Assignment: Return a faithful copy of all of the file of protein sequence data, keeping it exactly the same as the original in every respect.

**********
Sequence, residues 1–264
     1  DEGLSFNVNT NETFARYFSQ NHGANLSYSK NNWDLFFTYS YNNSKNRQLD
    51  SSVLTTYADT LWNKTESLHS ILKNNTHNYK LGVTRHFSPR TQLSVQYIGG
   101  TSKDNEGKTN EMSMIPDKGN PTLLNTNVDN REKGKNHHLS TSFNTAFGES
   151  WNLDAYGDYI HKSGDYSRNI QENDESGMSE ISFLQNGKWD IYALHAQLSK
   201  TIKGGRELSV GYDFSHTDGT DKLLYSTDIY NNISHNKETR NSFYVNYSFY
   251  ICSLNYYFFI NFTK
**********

Sequence, residues 1–264
     1  DEGLSFNVNT NETFARYFSQ NHGANLSYSK NNWDLFFTYS YNNSKNRQLD
    51  SSVLTTYADT LWNKTESLHS ILKNNTHNYK LGVTRHFSPR TQLSVQYIGG
   101  TSKDNEGKTN EMSMIPDKGN PTLLNTNVDN REKGKNHHLS TSFNTAFGES
   151  WNLDAYGDYI HKSGDYSRNI QENDESGMSE ISFLQNGKWD IYALHAQLSK
   201  TIKGGRELSV GYDFSHTDGT DKLLYSTDIY NNISHNKETR NSFYVNYSFY
   251  ICSLNYYFFI NFTK